In order for the Masdar City Project to accomplish the initial goal of creating a zero carbon footprint city, they focused on renewable energy sources and minimizing fossil fuel usage. One way they have fostered the wayfinding method of walking or biking was by creating narrow streets with large overhanging buildings to provide citizens with a lot of shade from the scorching sun of the Arabian Desert and to lower cooling costs. A wind tower in the middle of the city pulls air downwards to provide a cool breeze to walkers. Below the city streets, a rich network of public and personal transportation network is used. Electric-powered personal rapid transit (PRT) vehicles such were implemented to provide an alternative to cars which are prohibited within the city limits. Dynamic solar umbrellas were also used to provide solar energy and shade pedestrians below during the day, and fold up at night to provide illumination to the streets. These are just a few of the many implementations of clean technologies that were used to help create this green city. However, the speed of advancement of the electric vehicle was not anticipated when the project leaders were designing the city. The now vast PRT system and planned transport system (jet-set) system seemed more obsolete. As a result, only 2 out of the 100 tracks have been built in the jet-set system.
Currently, less than 5% of Masdar City has been built, and project managers have diverged from their original goal of a zero carbon emission city. Due to the rate of industry investment in clean technology, mobility, and the project's financial strategy, the goal has been revised to 50% carbon neutrality with a new finish date sometime in 2030. Project managers are now also aiming to make the city an economically viable place to live as this has been the object of heavy skepticism.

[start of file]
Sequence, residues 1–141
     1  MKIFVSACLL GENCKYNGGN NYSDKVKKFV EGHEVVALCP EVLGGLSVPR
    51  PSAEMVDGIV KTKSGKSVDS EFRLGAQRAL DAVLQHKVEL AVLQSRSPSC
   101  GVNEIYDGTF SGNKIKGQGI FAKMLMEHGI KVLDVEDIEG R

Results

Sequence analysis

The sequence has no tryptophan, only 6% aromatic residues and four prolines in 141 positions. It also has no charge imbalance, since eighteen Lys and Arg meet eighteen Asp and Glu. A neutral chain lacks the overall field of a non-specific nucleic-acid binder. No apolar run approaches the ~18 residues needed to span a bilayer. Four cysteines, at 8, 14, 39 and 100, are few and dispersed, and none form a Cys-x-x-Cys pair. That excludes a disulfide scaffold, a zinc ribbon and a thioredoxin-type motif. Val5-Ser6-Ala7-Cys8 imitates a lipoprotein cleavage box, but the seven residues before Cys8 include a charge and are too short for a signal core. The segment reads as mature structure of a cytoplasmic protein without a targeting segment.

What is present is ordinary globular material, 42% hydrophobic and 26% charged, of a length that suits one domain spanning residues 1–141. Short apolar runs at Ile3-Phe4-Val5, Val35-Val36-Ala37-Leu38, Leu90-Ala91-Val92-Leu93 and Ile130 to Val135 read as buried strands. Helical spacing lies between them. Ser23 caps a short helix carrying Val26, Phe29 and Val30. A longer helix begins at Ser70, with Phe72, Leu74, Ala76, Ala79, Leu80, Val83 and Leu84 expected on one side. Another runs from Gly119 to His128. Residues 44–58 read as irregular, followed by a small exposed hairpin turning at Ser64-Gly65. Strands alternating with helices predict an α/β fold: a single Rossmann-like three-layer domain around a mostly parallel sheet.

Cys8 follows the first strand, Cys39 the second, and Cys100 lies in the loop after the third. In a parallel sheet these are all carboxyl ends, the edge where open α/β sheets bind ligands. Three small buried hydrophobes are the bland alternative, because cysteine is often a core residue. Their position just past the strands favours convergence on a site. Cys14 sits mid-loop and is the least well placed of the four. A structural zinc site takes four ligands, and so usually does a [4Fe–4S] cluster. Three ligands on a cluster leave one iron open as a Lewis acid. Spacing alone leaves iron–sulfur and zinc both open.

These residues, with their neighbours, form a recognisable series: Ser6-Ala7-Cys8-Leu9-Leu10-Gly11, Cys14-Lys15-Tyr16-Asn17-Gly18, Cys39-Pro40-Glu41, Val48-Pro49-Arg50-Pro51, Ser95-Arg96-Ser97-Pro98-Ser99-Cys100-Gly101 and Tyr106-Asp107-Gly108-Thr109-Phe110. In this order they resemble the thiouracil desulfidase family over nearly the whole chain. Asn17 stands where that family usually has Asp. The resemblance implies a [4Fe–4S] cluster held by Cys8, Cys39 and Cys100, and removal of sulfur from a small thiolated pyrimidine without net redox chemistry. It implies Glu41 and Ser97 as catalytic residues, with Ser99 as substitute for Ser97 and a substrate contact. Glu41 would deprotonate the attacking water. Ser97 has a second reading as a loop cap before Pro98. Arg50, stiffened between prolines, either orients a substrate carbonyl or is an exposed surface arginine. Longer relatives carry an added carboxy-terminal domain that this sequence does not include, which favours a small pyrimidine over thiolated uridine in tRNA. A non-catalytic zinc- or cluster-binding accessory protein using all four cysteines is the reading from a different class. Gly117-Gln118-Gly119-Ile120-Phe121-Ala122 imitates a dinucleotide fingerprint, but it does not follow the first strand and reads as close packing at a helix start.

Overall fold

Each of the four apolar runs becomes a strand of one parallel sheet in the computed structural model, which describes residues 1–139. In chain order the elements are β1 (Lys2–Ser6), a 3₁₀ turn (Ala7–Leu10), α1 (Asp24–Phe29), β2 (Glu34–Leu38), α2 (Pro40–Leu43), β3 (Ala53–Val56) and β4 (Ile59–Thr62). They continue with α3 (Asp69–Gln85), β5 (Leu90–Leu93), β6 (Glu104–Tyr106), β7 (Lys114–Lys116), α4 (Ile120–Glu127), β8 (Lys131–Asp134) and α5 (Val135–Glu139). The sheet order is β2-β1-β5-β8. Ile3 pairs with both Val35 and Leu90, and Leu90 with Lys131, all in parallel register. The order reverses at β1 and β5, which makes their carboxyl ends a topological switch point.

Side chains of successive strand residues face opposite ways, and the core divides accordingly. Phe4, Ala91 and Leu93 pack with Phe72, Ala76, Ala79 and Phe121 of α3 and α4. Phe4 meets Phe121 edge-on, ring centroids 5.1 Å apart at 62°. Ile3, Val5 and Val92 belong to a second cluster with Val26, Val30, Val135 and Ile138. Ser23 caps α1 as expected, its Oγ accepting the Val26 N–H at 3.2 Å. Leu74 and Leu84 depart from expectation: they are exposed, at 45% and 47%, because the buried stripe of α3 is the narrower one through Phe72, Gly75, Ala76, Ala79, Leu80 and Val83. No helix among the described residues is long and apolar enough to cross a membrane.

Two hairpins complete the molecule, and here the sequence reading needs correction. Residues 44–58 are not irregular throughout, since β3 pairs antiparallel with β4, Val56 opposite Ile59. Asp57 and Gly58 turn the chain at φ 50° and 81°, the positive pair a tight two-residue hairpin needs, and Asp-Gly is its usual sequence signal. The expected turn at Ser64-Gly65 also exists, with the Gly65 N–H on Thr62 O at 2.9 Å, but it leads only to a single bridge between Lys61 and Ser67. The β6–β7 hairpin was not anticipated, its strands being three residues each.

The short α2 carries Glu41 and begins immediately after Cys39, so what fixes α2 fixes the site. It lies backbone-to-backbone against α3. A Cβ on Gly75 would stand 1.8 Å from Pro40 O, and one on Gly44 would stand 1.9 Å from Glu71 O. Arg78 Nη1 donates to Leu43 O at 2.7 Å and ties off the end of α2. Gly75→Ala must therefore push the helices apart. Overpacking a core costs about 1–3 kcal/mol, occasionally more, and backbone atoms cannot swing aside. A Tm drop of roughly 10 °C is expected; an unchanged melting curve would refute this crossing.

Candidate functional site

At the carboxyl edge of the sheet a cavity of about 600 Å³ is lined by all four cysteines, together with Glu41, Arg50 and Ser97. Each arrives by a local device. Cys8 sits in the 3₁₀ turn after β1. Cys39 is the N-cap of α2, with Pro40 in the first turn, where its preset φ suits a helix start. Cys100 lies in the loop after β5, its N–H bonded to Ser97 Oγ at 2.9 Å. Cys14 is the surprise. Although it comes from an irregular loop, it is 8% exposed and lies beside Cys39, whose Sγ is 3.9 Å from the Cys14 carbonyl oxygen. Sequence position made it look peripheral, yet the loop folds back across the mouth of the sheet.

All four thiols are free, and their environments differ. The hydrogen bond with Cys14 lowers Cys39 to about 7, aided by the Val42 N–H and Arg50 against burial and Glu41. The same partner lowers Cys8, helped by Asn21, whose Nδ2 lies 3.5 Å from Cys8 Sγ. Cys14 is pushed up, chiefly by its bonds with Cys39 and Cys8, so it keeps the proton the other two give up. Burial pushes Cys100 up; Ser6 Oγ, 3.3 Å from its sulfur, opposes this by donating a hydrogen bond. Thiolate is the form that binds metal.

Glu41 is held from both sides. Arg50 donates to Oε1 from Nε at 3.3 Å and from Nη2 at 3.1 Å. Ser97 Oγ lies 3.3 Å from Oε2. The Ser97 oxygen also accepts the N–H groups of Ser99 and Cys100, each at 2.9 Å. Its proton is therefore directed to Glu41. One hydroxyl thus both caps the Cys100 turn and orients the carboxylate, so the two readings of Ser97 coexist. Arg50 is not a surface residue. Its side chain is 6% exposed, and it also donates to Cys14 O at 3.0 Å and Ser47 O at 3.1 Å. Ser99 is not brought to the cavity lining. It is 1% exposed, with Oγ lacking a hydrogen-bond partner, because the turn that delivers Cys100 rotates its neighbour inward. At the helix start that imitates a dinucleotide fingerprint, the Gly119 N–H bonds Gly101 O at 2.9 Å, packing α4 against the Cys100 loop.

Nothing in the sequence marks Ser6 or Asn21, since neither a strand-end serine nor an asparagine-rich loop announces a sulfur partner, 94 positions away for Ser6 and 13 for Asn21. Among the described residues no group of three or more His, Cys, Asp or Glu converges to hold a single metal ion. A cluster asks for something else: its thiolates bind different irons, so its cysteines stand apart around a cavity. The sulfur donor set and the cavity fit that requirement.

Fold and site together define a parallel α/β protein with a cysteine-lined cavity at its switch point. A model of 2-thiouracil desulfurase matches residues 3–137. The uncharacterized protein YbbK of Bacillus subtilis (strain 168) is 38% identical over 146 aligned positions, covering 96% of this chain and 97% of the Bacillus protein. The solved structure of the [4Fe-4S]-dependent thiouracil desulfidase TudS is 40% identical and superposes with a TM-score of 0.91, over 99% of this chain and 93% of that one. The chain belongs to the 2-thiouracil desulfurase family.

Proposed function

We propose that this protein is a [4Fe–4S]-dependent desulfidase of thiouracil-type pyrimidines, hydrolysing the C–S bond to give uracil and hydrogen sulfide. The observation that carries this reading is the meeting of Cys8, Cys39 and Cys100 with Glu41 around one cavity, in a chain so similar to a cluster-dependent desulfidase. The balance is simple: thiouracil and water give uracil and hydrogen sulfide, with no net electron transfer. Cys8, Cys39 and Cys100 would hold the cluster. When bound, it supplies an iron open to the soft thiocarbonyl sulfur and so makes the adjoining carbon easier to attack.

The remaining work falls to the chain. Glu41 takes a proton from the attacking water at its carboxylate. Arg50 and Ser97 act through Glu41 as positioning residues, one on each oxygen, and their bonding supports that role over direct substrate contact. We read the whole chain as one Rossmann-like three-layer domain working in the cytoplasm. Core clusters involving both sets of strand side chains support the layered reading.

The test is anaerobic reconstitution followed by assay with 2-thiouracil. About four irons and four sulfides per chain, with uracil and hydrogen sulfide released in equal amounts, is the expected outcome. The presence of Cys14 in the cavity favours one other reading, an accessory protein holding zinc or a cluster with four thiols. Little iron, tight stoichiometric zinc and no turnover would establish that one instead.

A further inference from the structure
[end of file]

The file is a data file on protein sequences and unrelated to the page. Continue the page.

Every action that requires electricity in the residential buildings of Masdar City is monitored in order to limit energy an water consumption. Moreover, water and electricity can be switched on and off either automatically via sensors embedded in the apartments or manually by power providers known by some as the "Green Police." This is done because Masdar City is currently in its experimentation phase during which project stakeholders are interested in seeing if residents are able to use approximately half as much power or water as they would otherwise.
Masdar Institute of Science and Technology
Currently, the only residents of Masdar City are the 456 students of Masdar Institute of Science and Technology, a graduate-level university developed in collaboration with the Massachusetts Institute of Technology that offers a wide range of engineering programs. The residential buildings at the Masdar Institute are highly optimized to limit energy and water consumption. They rely on natural cooling by allowing cool air to flow into the buildings during the evening while allowing the walls’ thermal cooling to maintain low temperatures during hotter parts of the day. Student apartments also feature waste separation chutes to encourage recycling, efficient appliances, low-flow showers, and many other technologies intended to decrease water consumption and waste production. In total, facilities at Masdar Institute use 54 percent less electricity and 54 percent less water compared to the current UAE standard, and are powered entirely by solar energy.
Several business are present in Masdar City. Major firms like Siemens, GE, Mitsubishi, and the International Renewable Energy Agency (IRENA) are among the most recognized. A wide variety of smaller companies have also set up shop, although some of their positions are actually "hot desks;" this creates an official presence in the city with minimal investment in the physical space.
A healthy business sector is critical to a vibrant community, so Masdar City has tried to make it as easy as possible for businesses to open and operate.
The city's Free Zone offers several key benefits, including:
- Allowing complete foreign ownership
- No taxes or currency restrictions
- Freedom to move capital outside the UAE
Masdar has set up a comprehensive website detailing these benefits for potential tenants and is clearly eager to display itself as a commercial friendly location.